Zynga Folds Gambling Hand
JULY 29, 2013 • Fifteen days after Don Mattrick took over as chief executive at Zynga, the social games company cancelled its plans to enter the real money gambling business in the United States. During a financial conference call on July 26 COO David Ko maintained the decision was made prior to Mattrick arriving. Despite having gotten well along in applying for the necessary licenses to pursue online gambling in the U.S., former CEO Mark Pincus said Zynga decided to drop these plans in order to better focus on its primary business, free-to-play social game publishing in general, and mobile platforms specifically. As these mobile first aspirations were articulated, the company reported that the percentage of its virtual goods sold revenue attributable to mobile grew from 19% to 27% for the second quarter just ended. One reason that growth appears more substantial is that the number of users who made purchases during the quarter was just 1.9 million, down 53% from the same period last year. In dollars, that translates to $188 million in total bookings for the period ending June 30 – falling 38% from last year’s $302 million. Zynga says the amount spent by daily active users grew 14% during the period, but the down side of that statistic is the publisher is hemorrhaging daily active users at an alarming rate – a decline of 45% to 39 million for the quarter. For the past year Zynga has promoted real money gaming as a substantial new source of revenue to investors wary of the publisher’s fall from dominance on Facebook. While the company will proceed with its gambling operations in the United Kingdom and elsewhere, in the U.S. it will pursue free social casino offerings.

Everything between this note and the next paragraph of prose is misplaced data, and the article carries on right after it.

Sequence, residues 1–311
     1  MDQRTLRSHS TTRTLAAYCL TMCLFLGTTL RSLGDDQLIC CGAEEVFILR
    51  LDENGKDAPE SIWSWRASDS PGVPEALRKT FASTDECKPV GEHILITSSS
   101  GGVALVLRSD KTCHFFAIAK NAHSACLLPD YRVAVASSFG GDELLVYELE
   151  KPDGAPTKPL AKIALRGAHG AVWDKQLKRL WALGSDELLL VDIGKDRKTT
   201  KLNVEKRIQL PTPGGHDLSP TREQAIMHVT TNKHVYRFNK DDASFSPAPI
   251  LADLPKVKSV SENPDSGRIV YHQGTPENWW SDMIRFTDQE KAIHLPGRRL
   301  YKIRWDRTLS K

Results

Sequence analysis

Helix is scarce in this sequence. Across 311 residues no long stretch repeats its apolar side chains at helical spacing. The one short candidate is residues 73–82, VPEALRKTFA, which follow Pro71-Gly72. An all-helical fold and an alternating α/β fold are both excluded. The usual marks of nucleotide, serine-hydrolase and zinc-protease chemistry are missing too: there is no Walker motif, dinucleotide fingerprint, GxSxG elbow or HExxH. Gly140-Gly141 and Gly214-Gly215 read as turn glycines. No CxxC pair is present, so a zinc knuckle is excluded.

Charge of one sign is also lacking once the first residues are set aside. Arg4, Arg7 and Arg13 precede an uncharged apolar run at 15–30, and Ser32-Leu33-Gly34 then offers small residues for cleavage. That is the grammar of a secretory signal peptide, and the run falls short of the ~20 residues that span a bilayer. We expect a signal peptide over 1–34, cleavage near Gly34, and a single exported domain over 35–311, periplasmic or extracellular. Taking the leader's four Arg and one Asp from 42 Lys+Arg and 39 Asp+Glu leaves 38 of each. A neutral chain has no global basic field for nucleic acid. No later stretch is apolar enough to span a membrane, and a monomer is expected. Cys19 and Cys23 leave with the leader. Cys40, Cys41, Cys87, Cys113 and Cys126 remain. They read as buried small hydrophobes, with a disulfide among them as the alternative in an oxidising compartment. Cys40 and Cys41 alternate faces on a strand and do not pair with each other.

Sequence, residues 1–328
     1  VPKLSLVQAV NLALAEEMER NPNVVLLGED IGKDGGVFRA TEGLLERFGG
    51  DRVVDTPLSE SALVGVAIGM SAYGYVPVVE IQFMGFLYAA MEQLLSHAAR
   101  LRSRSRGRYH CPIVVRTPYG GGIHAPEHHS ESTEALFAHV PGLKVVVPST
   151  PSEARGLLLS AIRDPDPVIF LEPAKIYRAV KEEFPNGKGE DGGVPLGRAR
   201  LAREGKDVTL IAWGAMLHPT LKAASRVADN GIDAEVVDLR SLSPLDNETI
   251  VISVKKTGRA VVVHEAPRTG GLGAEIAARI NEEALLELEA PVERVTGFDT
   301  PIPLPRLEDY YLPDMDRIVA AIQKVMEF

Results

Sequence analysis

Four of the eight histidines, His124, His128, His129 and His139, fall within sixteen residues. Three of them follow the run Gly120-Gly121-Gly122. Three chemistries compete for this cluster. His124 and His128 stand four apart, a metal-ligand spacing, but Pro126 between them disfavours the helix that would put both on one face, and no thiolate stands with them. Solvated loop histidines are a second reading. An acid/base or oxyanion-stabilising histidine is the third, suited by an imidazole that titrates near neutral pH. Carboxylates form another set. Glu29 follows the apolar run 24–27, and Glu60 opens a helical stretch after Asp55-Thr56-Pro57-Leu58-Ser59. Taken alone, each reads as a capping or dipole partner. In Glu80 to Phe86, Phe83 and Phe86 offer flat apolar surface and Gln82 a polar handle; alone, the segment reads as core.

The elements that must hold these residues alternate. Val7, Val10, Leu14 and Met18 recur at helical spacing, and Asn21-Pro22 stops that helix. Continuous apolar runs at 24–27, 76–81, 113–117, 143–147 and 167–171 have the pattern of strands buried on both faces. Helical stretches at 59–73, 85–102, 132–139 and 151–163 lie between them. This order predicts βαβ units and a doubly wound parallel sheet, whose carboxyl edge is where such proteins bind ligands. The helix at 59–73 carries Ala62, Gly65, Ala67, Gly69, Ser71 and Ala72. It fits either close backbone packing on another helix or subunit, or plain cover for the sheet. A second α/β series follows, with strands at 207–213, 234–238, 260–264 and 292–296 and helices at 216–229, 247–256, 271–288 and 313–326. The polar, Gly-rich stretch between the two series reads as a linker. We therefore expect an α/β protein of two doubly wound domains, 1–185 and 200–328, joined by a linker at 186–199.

Impact: It appears to us that Mr. Mattrick has his hands full at his new post. If he is successful in piloting Zynga away from a social games company on the desktop to one on smartphones he will have well earned the $50 million contract package he negotiated. Frankly though, this is a stretch. There are two burdens for the company to execute on. Competitor King has no problems in monetizing its very popular games with a much leaner overhead. So Zynga’s first task is to create new franchises that better fit with what social gamers expect to play today. It would be difficult enough to execute on this goal alone. But Zynga now has to pivot and find success on an entirely different platform. Yes their are similarities between social games on the PC and F2P titles on smartphones, yet there are very real differences in the way users approach games on mobile, as well. We are not betting against Mr. Mattrick or Zynga, but we do recognize these are two significant challenges to pull off at the same time. As we have said before, chairman Pincus was intent on transitioning the company to mobile before hiring Mattrick, and it seems little has changed afterward. To his credit, Mattrick says he is no stranger to platform transitions and has managed dozens of them. Yet it is obvious he will be managing someone else’s vision, not his own. Which brings us all back to the perspective that what ails the publisher is a lack of product that succeeds in a competitive environment, unlike when Zynga rose to dominance without major competition on Facebook. Mattrick points out the need to get back to basics with a longer term view on products and the business, as well as the need to develop more efficient processes and tighter execution at all levels within the company. We wonder how much time investors will give him to make that happen when Zynga stock is trading around $3.